Saturday, March 24, 2018

PolitiFact: In the health care fray, some real answers

This week, Senate Republicans were battered by the same crosswinds that had hit their colleagues in the House in their drive to repeal and replace Obamacare. Facing defections by both uber-conservative and centrist senators, Majority Leader Mitch McConnell, R-Ky., canceled his call for a quick vote.

In announcing the delay, McConnell said he wanted to get more GOP senators to "a comfortable place."

One of the major concerns about the original Senate bill was that it would increase the number of uninsured. A Congressional Budget Office report projected that eight years out, 22 million fewer people would be insured compared with what would happen if the country stuck with the Affordable Care Act.

PolitiFact has fact-checked some of the main talking points deployed this week; here is a brief recap.

Uninsured by choice?

House Speaker Paul Ryan argued that some of the uninsured would be uninsured by choice. Citing the CBO, he told Fox News "it's not that people are getting pushed off a plan; it's that people will choose not to buy something they don't like or want."

The Senate bill would ditch the rule that everyone must have health insurance, otherwise known as the individual mandate. Ryan had a point that in the first year of the Senate legislation, the CBO estimated that most of the additional people without coverage would have chosen that route.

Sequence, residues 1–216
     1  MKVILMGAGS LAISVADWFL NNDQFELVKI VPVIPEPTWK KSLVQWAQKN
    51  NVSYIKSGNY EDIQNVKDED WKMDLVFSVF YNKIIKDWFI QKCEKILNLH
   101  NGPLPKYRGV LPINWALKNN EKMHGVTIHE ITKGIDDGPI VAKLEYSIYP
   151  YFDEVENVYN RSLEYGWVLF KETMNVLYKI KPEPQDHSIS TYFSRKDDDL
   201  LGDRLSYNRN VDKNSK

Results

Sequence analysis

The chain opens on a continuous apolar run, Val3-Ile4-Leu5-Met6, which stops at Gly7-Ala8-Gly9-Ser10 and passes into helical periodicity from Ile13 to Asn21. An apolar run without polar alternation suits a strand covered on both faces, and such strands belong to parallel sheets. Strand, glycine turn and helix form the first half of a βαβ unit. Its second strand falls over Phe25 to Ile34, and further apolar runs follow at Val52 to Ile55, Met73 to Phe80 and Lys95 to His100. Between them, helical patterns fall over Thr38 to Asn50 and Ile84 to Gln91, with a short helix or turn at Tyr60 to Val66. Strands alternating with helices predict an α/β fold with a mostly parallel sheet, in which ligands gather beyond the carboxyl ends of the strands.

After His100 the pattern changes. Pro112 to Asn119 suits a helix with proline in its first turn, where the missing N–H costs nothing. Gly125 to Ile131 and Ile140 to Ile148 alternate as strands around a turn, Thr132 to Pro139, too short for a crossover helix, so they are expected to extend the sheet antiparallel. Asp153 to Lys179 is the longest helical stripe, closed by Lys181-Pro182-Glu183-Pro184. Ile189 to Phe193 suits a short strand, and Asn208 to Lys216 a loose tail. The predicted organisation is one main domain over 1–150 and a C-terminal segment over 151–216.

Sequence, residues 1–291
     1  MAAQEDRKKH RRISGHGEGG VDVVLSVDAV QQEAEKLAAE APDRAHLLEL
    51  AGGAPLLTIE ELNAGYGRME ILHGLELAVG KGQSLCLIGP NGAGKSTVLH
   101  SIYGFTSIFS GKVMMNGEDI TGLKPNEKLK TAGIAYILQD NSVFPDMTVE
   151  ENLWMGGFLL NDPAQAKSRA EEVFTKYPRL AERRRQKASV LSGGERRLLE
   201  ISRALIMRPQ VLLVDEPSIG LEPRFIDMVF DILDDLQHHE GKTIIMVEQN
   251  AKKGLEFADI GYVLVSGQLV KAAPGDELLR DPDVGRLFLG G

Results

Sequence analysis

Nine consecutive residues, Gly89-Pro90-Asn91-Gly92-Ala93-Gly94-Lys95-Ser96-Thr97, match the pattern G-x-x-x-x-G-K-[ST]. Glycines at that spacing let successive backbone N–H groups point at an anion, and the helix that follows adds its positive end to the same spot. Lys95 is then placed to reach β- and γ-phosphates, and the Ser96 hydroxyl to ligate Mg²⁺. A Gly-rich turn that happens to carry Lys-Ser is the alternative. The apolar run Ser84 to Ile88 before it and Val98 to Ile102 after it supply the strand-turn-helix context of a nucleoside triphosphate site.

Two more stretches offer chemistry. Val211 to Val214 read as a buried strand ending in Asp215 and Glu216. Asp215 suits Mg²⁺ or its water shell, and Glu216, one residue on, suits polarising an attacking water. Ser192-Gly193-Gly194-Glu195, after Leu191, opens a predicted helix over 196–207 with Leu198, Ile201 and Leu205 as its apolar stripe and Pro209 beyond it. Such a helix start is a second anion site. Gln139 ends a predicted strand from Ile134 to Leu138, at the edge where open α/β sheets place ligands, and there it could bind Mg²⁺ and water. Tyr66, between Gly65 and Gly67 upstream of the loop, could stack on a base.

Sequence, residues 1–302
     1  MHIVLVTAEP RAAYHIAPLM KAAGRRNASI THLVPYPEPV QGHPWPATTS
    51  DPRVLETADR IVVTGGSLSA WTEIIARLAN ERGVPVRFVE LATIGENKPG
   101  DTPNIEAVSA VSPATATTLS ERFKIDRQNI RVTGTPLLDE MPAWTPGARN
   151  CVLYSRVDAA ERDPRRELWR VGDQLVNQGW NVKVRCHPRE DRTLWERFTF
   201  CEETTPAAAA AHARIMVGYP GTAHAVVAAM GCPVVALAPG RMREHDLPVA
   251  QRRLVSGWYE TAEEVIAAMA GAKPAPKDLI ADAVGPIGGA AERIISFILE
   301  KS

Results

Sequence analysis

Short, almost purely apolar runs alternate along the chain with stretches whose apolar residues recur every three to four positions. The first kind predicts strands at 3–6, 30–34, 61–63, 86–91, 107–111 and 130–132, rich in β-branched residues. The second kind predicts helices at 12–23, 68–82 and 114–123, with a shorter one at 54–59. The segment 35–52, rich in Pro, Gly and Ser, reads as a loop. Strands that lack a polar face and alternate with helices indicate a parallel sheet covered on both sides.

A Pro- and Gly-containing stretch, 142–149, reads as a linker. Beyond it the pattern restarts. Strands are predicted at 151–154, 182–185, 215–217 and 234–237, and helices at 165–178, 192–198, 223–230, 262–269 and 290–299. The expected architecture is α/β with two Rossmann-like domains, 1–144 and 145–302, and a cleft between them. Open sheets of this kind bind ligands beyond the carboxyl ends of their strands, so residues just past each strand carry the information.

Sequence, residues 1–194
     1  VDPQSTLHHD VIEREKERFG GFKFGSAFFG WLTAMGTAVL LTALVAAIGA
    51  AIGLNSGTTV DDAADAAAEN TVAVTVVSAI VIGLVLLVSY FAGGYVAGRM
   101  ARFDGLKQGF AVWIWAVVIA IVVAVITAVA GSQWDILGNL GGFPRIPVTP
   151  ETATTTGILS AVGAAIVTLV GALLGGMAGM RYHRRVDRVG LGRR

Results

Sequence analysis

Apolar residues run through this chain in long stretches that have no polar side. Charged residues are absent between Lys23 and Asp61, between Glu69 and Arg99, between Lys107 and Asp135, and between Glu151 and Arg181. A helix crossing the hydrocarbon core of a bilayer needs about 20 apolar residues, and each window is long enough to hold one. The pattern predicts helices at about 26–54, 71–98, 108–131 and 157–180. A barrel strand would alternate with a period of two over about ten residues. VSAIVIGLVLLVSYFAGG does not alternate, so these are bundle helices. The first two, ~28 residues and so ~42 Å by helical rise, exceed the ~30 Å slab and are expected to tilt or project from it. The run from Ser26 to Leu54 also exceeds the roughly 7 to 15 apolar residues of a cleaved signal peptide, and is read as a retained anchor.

But Ryan was specifically asked about the 22 million people who would be without coverage in 2026. The CBO said that year, two-thirds of the newly uninsured, about 15 million, would be that way because of cuts in the Medicaid program, the government-run insurance program for the very poor. On top of that, a portion of the remaining 7 million would want private insurance but would find it too expensive to afford.

We rated Ryan's claim Mostly False.

Robin Hood in reverse

The Senate plan cut costs the most by reining in the future growth of Medicaid spending. While the dollars would rise, the increase would be much flatter than under current law, amounting to about $770 billion less in the course of a decade. The plan also trimmed the subsidies that help people of modest means pay for coverage. This gave Republicans plenty of leeway to cut Obamacare taxes and still deliver more than $321 billion in deficit reduction.

Former President Barack Obama posted on Facebook that the bill "hands enormous tax cuts to the rich and to the drug and insurance industries, paid for by cutting health care for everybody else."

Obama's Affordable Care Act has two taxes aimed directly at the well-to-do, defined as individuals making over $200,000 a year and couples making over $250,000. There are also levies on insurance companies, pharmaceutical companies and medical device makers. The CBO said the total value of eliminating those taxes would be over $540 billion.